The road is littered with the bodies of those companies that have tried and failed to reinvent themselves as customer-centric organizations. As compelling as the ideas are, they are deceptively difficult to implement. As you develop your vision, identify the people, processes and policies most likely to derail your mission. Build a plan to overcome the obstacles that you identify along the way. Remember that the journey can be made in pieces; you don't have to go "cold turkey" to succeed. And, make sure you tell your employees that mistakes are ok, resistance is not.
The results can be dramatic - Pitney Bowes doubled their market cap in less than two years. Farm Credit Services of America grew total assets from $3.8 billion to $6 billion and their customer base by 40% in four years. Only you can predict how your company will react to the change. As noted author and consultant Geoffrey Moore says, "Begin with the notion of putting the customer first. An inspiring ideal, to be sure, but it embodies a deep flaw: there is no such thing as "the" customer. In the real world there is "a" customer, and there's another, and another, and at least in their own minds, they do not add up. This is individualism at work, and the power of one-to-one marketing demands that you never forget it."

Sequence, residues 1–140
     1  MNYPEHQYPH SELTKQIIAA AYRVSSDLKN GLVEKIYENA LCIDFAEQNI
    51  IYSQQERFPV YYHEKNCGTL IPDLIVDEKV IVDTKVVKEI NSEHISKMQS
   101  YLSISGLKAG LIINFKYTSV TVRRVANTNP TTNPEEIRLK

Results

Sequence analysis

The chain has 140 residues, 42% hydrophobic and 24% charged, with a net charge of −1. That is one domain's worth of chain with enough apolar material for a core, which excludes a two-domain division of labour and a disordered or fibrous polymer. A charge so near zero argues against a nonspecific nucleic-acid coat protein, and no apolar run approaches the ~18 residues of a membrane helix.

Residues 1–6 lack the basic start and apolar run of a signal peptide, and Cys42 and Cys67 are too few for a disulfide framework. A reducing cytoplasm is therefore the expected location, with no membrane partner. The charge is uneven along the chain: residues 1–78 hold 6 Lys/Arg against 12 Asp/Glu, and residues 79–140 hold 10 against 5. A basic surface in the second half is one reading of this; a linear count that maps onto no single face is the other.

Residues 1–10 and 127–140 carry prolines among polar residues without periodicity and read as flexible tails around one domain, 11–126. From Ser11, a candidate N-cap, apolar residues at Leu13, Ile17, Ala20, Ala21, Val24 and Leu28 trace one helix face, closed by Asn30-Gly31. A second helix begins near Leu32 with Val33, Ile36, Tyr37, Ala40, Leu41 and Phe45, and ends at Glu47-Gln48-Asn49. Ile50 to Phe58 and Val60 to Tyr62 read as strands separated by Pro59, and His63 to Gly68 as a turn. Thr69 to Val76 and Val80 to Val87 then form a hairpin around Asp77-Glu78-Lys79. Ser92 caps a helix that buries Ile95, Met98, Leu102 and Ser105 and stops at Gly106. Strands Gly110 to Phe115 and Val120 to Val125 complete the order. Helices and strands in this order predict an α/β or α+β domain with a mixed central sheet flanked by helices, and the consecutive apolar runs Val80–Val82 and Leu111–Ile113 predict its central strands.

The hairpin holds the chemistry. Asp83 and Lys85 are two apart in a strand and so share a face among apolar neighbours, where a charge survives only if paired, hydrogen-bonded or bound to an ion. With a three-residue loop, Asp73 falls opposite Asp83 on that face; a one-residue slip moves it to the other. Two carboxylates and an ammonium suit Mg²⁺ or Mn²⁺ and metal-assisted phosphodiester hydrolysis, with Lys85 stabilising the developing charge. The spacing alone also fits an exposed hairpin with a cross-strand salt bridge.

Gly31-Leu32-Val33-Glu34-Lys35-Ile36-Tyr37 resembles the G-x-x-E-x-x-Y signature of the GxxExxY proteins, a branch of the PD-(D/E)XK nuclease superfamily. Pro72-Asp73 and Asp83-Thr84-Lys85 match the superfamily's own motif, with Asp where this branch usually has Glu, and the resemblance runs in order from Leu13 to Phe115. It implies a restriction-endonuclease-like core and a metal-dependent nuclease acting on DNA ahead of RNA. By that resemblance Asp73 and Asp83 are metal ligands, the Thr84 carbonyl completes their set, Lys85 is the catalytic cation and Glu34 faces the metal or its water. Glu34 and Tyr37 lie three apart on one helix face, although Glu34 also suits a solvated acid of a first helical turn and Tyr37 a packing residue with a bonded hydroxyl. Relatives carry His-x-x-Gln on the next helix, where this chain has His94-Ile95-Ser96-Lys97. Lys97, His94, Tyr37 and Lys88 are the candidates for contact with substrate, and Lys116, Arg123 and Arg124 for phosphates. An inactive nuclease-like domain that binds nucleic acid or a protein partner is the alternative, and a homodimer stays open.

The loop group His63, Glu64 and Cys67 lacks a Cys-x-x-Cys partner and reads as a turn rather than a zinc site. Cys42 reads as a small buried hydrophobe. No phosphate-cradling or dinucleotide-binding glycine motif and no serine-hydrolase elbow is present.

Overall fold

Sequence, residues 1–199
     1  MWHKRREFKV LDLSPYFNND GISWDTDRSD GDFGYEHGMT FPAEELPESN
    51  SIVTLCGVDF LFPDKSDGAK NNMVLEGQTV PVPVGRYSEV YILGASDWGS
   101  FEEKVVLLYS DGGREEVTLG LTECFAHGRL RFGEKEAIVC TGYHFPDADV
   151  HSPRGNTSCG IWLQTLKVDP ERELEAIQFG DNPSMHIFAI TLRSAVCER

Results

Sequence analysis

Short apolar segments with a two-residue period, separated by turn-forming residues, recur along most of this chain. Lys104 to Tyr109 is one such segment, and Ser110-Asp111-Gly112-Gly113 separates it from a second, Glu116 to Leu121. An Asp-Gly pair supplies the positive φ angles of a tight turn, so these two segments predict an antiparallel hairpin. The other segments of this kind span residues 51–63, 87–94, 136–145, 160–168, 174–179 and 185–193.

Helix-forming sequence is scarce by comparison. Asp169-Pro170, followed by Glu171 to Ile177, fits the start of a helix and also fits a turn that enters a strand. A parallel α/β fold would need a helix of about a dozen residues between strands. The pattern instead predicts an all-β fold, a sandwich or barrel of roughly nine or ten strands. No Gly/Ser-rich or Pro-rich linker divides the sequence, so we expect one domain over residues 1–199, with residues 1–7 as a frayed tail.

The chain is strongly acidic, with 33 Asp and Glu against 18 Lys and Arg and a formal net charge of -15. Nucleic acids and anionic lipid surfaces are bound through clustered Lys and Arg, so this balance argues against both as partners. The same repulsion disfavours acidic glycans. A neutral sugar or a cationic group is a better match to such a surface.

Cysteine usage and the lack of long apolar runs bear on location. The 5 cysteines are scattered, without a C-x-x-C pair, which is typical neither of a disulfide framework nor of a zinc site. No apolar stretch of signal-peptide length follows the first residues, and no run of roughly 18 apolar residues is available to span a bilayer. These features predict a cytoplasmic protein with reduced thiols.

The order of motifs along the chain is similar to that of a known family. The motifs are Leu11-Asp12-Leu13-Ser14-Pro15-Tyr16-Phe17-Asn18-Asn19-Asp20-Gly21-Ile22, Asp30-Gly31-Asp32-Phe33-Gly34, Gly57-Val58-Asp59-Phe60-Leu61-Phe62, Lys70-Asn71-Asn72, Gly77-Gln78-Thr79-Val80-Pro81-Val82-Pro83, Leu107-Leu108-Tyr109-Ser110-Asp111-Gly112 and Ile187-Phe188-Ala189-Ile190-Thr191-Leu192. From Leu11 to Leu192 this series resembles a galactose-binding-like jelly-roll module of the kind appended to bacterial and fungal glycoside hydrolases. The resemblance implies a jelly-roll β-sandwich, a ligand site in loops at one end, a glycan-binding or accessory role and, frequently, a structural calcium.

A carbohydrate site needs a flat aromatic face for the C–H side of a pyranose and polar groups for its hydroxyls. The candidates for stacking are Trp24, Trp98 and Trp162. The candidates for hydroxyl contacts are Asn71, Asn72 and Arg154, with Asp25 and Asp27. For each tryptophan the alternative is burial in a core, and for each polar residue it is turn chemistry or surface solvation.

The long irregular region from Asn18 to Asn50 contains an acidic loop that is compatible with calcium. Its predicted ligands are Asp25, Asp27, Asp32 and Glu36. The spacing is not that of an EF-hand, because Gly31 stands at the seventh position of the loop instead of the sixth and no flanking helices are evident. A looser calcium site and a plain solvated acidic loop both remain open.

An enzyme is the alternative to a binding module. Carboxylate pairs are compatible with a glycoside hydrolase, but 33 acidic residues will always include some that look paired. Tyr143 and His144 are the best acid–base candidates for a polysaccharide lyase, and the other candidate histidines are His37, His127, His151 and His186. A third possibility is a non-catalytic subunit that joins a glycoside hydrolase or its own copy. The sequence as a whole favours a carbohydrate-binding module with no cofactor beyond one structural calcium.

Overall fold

So, how much does good ole Joe really know about his customers? Arguably, very little. Through foresight on the part of management, a healthy dose of technology and some new, customer-focused practices, ole Joe can learn a lot. And so can you.
A recent Aberdeen Group research study showed:
- Only 48% of firms know about a problem before a customer does
- Only 43% of firms alter their service based upon a customer's profitability
- Only 42% would take the opportunity to sell something during a service call
- Only 37% know if they share a customer with another division
A recent Accenture research study showed that by the end of 2002:
- 83% of companies will implement a data warehouse
- 70% will revamp their customer processes
- 53% will use electronic commerce to transform their customer relationships
- 49% will organize by customer type